Summary

Our Score

7/10

Review Price free/subscription

AV receivers aren’t high on the list of things you’d associate with Samsung, but the Korean giant has been turning out a nice line in home cinema amps for quite some time. Its latest range includes this entry-level 5.1-channel model, which is designed to provide a basic introduction to the world of surround sound – a fact reflected by its low price tag.

Aesthetically the HW-C500 is a break from the norm. It’s slimmer than most AV amps and Samsung keeps the front panel free from dials and physical buttons, opting instead for a minimal gloss-black design. It’s possibly one of the best-looking AV receivers we’ve clapped eyes on, but then again what else would you expect from Samsung?


But look closely and the front panel is busier then you might think. A silver strip on the right lets you adjust the volume, while a bank of touch-sensitive controls on the left lets you navigate menus and switch between the various sound modes. They’re so discreet you might not notice them from a distance.

An LED panel in the centre displays key info like the selected input, while a flap at the bottom drops down to reveal a further smattering of buttons, none of which seem important enough to earn pride of place on the front of the unit. We’d rather this space was used to provide a decent array of auxiliary AV inputs for on-the-fly device connection, but disappointingly there are none.

Version pictured uses binding posts, not spring-clips as on review unit and as stated in review


All of the sockets are therefore confined to the rear, and although the selection covers most bases it’s hardly the sort of generous selection Onkyo, Yamaha or Denon would offer at this price. Taking pride of place are four HDMI inputs and one output, and thankfully all of these are specified as v1.4, which will please anyone hoping to bag themselves a 3D Blu-ray deck and TV in the near future.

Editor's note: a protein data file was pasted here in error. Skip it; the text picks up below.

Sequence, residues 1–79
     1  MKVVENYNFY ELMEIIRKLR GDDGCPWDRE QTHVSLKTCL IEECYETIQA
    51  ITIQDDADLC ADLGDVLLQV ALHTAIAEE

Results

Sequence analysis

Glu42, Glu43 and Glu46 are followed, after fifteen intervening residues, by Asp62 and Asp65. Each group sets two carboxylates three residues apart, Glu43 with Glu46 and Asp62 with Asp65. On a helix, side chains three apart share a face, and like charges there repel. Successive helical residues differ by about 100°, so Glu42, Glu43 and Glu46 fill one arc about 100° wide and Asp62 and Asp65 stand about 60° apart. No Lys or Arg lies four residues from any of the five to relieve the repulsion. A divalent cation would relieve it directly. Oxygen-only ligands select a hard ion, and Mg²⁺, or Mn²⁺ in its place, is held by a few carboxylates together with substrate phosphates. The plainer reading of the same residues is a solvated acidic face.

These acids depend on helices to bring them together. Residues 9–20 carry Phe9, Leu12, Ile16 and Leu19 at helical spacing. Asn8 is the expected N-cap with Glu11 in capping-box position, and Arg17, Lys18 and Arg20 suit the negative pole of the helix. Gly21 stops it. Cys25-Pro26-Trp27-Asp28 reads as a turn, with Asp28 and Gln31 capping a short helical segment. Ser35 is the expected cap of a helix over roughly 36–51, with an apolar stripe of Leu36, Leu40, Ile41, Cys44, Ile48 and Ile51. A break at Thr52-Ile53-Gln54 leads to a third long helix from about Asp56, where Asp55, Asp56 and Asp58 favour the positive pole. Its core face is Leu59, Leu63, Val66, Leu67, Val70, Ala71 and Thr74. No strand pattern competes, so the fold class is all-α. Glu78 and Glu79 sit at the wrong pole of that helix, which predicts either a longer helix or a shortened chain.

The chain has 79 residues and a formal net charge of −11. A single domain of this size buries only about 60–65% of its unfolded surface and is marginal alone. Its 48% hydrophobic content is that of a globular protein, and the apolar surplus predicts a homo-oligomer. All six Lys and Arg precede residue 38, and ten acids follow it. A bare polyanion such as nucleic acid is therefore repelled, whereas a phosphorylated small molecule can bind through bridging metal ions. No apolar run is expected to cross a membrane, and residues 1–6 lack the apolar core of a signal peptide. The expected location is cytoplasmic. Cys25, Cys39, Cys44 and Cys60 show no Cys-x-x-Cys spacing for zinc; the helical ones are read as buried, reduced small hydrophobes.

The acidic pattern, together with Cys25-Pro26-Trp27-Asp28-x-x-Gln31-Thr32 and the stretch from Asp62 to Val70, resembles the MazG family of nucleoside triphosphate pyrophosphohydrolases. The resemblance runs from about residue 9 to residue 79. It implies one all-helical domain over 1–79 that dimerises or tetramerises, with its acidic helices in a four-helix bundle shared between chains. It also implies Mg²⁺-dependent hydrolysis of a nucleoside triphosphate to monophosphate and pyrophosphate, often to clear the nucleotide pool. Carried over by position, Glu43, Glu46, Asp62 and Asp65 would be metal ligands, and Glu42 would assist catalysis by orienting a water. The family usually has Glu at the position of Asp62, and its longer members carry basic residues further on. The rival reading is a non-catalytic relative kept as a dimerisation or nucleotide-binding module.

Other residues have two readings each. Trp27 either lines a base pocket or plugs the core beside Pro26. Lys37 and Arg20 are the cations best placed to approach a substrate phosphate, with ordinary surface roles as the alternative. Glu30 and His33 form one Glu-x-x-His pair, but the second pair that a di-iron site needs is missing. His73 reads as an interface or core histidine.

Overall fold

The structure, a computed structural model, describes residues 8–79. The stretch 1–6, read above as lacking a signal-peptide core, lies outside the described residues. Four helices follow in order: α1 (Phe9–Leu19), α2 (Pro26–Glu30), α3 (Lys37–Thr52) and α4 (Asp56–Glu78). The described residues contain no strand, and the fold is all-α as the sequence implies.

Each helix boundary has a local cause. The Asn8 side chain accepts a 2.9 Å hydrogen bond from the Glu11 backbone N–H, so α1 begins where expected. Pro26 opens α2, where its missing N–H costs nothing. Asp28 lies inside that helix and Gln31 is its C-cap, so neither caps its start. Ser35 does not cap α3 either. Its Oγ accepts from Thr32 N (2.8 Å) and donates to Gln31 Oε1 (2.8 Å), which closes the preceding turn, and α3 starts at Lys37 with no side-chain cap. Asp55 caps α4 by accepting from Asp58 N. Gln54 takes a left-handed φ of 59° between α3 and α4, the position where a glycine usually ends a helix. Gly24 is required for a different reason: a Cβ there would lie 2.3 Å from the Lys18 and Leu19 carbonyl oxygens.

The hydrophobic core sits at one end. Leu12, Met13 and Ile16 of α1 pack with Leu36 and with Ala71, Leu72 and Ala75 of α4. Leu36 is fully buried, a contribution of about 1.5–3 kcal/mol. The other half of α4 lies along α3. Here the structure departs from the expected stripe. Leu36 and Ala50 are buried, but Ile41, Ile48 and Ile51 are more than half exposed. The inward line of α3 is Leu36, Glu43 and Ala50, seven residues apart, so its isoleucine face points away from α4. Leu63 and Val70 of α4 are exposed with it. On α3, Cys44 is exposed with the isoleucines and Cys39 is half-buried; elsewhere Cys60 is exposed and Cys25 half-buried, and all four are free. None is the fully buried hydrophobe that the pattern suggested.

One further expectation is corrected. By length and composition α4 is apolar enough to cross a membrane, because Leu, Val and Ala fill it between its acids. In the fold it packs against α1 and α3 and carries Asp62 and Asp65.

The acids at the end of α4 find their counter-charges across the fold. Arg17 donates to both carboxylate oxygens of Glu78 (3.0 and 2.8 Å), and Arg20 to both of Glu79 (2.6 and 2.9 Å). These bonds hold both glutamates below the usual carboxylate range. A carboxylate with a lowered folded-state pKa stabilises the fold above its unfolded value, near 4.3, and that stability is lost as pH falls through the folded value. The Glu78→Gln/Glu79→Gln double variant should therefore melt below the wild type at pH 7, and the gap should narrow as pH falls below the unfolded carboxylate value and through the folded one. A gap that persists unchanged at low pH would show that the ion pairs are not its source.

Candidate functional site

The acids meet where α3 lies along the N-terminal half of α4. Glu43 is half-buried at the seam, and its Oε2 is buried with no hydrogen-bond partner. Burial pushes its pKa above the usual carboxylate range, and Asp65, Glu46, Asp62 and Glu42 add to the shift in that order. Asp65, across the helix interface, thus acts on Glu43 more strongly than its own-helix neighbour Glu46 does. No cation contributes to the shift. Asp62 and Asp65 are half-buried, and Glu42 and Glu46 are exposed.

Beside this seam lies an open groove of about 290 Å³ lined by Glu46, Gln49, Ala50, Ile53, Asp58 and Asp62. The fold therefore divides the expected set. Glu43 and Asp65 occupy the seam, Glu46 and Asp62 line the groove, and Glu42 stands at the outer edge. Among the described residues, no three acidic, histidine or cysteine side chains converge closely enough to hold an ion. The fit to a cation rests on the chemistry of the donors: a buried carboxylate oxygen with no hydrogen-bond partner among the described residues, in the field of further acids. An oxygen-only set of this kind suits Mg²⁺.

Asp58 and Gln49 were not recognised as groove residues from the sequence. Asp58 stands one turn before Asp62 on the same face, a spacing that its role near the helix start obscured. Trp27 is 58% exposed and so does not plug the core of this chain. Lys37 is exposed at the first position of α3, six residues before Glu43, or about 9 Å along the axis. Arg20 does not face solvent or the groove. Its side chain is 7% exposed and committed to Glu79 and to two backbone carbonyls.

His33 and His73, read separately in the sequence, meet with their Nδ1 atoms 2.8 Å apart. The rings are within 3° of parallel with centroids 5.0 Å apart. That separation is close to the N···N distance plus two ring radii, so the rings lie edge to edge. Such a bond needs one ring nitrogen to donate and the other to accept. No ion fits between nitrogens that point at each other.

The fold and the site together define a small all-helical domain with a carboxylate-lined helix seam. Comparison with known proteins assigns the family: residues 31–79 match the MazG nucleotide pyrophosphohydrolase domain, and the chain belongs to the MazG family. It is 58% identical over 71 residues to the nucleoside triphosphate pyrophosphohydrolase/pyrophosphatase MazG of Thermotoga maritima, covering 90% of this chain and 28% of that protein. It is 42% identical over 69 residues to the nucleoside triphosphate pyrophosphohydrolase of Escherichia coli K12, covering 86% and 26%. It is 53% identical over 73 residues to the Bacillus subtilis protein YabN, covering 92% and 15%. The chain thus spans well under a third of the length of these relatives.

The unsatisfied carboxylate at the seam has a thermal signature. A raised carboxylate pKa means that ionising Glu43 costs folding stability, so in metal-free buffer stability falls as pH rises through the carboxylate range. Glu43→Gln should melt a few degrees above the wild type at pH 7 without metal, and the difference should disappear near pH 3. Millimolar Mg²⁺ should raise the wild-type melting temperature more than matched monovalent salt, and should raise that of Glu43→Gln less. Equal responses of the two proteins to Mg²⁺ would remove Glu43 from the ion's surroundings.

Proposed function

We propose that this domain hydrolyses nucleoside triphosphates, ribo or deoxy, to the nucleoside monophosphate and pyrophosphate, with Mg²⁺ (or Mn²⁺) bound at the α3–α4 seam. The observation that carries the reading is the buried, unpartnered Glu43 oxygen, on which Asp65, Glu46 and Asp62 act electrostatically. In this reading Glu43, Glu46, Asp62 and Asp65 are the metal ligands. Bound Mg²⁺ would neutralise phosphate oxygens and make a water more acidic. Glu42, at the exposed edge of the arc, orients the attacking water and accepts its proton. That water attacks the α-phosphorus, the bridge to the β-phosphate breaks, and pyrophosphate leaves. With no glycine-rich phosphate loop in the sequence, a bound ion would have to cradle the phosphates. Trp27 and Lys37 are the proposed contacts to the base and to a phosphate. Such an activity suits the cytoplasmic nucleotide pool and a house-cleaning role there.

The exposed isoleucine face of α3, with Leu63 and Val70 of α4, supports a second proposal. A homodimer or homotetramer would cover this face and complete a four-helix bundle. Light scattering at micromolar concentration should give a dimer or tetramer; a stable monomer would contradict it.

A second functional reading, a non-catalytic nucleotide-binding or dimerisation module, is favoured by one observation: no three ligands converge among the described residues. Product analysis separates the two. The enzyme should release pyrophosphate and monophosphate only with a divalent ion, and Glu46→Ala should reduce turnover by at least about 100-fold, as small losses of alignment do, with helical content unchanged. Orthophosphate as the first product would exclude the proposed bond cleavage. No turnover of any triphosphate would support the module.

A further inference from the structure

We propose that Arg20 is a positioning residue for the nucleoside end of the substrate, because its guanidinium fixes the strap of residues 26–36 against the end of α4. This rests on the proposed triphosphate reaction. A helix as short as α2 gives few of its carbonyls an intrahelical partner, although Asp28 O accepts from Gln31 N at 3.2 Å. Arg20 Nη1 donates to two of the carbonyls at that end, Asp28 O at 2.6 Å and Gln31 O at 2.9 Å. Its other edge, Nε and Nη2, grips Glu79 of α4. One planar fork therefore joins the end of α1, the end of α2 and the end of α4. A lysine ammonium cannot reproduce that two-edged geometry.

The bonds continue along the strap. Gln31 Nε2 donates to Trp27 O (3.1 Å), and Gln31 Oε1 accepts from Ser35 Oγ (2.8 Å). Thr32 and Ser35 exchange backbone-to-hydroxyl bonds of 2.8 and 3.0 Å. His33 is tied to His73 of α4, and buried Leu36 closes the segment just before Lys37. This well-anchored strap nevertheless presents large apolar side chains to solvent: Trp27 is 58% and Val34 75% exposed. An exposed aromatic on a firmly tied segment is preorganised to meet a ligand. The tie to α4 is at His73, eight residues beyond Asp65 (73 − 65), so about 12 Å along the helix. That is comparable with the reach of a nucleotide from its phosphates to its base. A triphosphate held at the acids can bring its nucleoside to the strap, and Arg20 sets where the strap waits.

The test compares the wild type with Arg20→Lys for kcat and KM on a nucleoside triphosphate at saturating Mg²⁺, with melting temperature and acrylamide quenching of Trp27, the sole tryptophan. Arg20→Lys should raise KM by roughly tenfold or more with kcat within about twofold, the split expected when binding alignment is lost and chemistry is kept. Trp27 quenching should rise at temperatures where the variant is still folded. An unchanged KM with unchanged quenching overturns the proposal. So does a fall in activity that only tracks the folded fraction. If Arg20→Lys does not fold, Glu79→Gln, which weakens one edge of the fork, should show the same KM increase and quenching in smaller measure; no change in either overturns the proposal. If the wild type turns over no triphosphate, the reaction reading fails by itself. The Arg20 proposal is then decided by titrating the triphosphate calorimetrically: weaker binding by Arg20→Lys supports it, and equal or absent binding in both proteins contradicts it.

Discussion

On the video side, the HDMIs are backed up by two sets of component inputs and one output plus three composite inputs, while audio sockets include four digital audio inputs (three optical, one coaxial), four sets of analogue stereo inputs and 5.1-channel inputs, which will come in useful for Blu-ray decks with built-in HD audio decoding and analogue outputs. In the box, you also get an iPod/iPhone dock that plugs into the terminal on the back.

Also on the back, you’ll find spring-clip speaker terminals in place of more robust binding posts, which is the clearest indication of the Samsung’s budget nature and lack of audiophile ambition. One minor upside to this is that the speaker cables are easier to plug in, which inexperienced (or impatient) users might appreciate.

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